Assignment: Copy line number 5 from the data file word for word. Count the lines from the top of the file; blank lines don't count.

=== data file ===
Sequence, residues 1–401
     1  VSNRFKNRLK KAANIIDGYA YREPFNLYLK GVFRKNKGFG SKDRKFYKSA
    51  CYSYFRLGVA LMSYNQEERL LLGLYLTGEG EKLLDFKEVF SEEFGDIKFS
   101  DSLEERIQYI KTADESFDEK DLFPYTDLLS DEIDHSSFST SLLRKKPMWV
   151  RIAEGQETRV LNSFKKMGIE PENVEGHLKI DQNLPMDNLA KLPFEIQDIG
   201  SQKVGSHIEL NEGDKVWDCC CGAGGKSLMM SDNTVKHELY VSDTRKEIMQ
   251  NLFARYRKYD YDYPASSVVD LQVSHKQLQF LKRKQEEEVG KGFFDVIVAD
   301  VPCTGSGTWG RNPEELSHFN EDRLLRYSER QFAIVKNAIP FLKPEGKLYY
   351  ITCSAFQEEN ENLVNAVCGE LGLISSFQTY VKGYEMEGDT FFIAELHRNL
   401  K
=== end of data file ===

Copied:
   151  RIAEGQETRV LNSFKKMGIE PENVEGHLKI DQNLPMDNLA KLPFEIQDIG